Pizza with Tomato, Prosciutto, and Greens

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This pizza was amazing. I got the recipe from my CSA (Farm Box LA) newsletter.

Ingredients:

  • pizza dough (homemade or store bought – I used Trader Joe’s brand for this)
  • cornmeal
  • olive oil
  • garlic (1-2 cloves)
  • salt (optional)
  • 2-3 medium tomatoes
  • fresh oregano (optional)
  • fresh mozzarella cheese
  • 4 slices prosciutto
  • greens of your choice (e.g. chard, kale)

Instructions:

First a note on quantity.  A tub of fresh mozzarella balls (get the medium or large sized, not the tiny ones), a 4 oz package of prosciutto, and a bunch of greens will be enough for two pizzas.  So make two pizzas! Double the very approximate quantities listed above.

1) Preheat oven to 450 (preferably with a pizza stone in the oven but ok if you don’t have one).

2) Cut or tear the greens and add them to a baking sheet, tossed with olive oil and salt.  Put in oven for 10 minutes, until they’re a little brown and dried out, but not completely dry (i.e. not as dry as kale chips). Remove from oven and set aside.

3) Roll out pizza dough and stretch it to a roundish shape.  Sprinkle cornmeal on a pizza peel or a baking pan.  Transfer the dough to the peel or pan and adjust shape.  Brush some olive oil on the dough.  Add chopped garlic and brush it around to make sure all the garlic’s not in one place.  Then – my secret pizza technique – sprinkle a little kosher salt on the dough, especially the outer edges that won’t be covered with toppings.  Slide the dough onto your pizza stone or put the pan into the oven and bake for 4 minutes.

4) Slice your tomatoes.  After the dough has baked for 4 minutes, add the tomatoes.  The tomatoes don’t have to cover the whole pizza – just make sure there’s tomato in each bite. Bake for 10 minutes.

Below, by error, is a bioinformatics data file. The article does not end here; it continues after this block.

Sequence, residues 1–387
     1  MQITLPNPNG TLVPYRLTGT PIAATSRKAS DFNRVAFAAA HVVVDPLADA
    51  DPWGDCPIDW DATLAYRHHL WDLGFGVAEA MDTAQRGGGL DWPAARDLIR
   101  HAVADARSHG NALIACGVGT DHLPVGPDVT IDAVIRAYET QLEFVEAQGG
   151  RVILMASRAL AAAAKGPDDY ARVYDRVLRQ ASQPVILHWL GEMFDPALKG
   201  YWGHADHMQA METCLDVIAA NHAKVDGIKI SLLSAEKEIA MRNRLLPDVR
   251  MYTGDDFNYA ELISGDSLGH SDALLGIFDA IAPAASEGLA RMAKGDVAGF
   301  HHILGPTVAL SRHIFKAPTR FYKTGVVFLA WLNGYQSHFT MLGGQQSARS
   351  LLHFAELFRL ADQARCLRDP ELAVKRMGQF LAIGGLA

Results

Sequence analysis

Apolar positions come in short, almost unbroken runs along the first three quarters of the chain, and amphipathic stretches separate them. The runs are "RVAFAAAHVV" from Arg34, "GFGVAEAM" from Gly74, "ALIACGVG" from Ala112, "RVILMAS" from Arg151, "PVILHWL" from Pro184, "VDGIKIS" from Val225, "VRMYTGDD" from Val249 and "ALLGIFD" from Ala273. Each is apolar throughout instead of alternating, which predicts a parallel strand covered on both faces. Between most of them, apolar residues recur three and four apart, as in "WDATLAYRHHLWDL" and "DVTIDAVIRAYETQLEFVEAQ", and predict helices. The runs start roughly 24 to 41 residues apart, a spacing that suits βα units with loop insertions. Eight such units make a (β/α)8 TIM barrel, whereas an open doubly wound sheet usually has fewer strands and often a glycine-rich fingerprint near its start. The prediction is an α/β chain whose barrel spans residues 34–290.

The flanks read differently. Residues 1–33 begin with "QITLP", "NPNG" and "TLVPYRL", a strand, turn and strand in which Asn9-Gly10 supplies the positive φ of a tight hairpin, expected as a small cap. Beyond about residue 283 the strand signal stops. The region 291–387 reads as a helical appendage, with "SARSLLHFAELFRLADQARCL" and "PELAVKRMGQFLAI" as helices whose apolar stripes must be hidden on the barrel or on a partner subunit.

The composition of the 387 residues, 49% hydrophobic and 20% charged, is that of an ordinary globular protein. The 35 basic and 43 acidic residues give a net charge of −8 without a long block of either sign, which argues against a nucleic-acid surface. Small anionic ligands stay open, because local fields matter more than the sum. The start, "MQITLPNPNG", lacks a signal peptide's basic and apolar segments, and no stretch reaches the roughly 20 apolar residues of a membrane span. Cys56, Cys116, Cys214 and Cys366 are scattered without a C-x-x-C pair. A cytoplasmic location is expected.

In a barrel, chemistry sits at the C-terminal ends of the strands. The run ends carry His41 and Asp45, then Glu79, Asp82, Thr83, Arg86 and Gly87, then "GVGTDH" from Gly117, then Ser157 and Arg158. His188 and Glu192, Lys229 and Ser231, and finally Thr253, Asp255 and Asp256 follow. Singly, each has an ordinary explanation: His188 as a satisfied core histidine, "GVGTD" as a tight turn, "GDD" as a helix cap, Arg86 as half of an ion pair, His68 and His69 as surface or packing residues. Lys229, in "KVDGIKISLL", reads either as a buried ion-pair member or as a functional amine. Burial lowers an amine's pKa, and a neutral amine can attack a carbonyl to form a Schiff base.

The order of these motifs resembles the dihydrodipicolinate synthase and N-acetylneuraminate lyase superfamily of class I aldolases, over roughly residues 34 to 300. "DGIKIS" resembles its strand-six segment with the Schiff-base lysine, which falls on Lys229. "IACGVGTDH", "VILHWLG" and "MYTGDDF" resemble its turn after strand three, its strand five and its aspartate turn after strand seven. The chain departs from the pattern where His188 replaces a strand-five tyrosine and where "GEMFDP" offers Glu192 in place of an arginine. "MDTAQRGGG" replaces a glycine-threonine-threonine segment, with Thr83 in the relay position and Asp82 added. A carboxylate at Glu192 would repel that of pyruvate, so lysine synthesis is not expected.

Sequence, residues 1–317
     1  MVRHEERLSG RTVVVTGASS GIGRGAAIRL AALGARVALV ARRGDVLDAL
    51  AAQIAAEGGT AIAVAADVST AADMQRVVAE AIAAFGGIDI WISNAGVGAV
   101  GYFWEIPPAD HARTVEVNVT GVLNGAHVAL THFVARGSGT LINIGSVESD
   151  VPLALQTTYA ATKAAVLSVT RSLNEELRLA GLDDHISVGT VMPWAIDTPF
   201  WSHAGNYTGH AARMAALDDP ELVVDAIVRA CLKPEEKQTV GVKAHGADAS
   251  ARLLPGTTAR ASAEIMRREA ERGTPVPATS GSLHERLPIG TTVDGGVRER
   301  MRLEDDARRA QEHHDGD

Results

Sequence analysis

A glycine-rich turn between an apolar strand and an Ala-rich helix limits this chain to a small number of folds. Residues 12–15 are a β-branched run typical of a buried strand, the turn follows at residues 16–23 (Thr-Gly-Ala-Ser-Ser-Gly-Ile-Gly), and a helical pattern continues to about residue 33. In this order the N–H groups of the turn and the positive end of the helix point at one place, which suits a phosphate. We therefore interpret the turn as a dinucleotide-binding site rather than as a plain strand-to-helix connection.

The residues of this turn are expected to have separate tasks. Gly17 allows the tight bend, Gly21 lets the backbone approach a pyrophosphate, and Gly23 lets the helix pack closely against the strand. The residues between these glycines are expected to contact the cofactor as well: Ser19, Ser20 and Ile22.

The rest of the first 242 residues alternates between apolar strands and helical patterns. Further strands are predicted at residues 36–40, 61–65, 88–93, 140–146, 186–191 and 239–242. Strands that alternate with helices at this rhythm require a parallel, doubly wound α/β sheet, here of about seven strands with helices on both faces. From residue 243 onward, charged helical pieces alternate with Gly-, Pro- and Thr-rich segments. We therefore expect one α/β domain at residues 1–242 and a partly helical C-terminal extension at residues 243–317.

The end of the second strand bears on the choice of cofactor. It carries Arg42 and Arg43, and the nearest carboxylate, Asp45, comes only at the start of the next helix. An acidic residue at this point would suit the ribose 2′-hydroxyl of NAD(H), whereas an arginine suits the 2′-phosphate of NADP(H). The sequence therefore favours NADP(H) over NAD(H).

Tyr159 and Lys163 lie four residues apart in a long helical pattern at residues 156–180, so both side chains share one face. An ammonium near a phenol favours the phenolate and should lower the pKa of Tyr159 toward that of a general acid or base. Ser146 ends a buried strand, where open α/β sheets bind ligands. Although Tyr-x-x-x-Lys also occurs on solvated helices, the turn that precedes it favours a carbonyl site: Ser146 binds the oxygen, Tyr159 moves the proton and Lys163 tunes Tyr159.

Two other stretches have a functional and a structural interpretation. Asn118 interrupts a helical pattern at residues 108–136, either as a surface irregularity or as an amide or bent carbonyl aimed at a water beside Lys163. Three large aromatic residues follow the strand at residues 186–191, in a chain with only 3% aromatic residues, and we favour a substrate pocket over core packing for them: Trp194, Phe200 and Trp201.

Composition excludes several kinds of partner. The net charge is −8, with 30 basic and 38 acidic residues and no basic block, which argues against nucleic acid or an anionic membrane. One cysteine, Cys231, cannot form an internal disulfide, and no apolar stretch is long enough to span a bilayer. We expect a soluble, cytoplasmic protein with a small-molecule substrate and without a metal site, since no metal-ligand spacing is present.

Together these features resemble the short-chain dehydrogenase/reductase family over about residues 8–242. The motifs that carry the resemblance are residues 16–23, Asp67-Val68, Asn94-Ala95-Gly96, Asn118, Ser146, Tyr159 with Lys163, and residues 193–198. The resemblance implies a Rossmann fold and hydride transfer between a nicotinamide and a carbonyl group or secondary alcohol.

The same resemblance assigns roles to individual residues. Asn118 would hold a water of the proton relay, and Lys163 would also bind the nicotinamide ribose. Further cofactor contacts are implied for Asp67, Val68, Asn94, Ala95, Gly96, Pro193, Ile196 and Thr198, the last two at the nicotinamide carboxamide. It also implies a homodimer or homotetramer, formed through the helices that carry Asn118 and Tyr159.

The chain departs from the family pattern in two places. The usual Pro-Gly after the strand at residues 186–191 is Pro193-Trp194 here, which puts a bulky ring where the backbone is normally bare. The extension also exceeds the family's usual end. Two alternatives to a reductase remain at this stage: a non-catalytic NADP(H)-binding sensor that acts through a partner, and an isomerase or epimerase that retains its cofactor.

5) Slice the mozzarella balls.  After the pizza has baked for 10 minutes, add the mozzarella balls and bake for 5 more minutes until the crust is nicely brown. Remove from oven.

6)  Slice prosciutto into thin strips.  Scatter the prosciutto strips over the pizza and then scatter the greens over the top.

Enjoy.

 

CSA – Yes or No?

I’ve said in earlier posts that I joined a CSA (Community Sponsored Agriculture). I get a farm box with fresh fruits and vegetables delivered to my doorstep every Sunday. Now that I’ve been a member for a while, I can talk about the pros and cons. Some of the novelty has worn off. So in case you’re considering it, here’s my list:

Pros:

– The produce is all in-season, locally sourced and sustainably grown.

– Grocery shopping is fast and easy, since I’m building meals around my farm box produce.

– I try fruits and vegetables that I wouldn’t otherwise try. Mulberries, cherimoyas, guavas, fava beans are recent examples.

– I eat more produce than I ordinarily would.

– It gets delivered to me every week, so even I don’t have the chance to go grocery shopping I can generally make a meal out of my produce and staples around the house (e.g. eggs).

– It’s fun to see what surprise I’m going to get.

– It forces me to be a more creative cook.

Cons:

– Since the produce is all in-season, you get the same thing for weeks in a row. Enough with the beets – really! And I don’t care if it’s cone cabbage, Napa cabbage, or regular cabbage — there just not that many things to do with cabbage! They try to change it up by giving me a different variety of kale every week but it’s still kale every week.

– It’s more work to plan meals around the produce I’ve received rather than picking my go-to recipes and shopping accordingly.

– It’s a little pricey, although for me it’s worth it not to have to make an extra stop at the farmers’ market.

– Sometimes we don’t eat the produce fast enough and it goes to waste.

– Although the produce is very good, it’s not amazing. I used to buy my produce at Whole Foods or the farmers’ market and my farm box produce is equivalent. Once I added eggs to my farm box and they tasted just like the brown eggs that I buy at Trader Joe’s.

– Some of the produce is weird or too fussy. What’s the point of a baby artichoke? Too much work for too little yield. And once I got flowering rapini which I thought was going to be like broccoli rabe but it wasn’t. Watermelon radishes are gorgeous but kind of bitter. And I’m just not into guavas – way too many seeds.

– Sometimes this happens:

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Turnips? Beets? Watermelon radishes? You tell me what these things are!

So stay with the CSA or quit? I think I’ll stay for now, at least through summer fruit season. Then the jury’s out.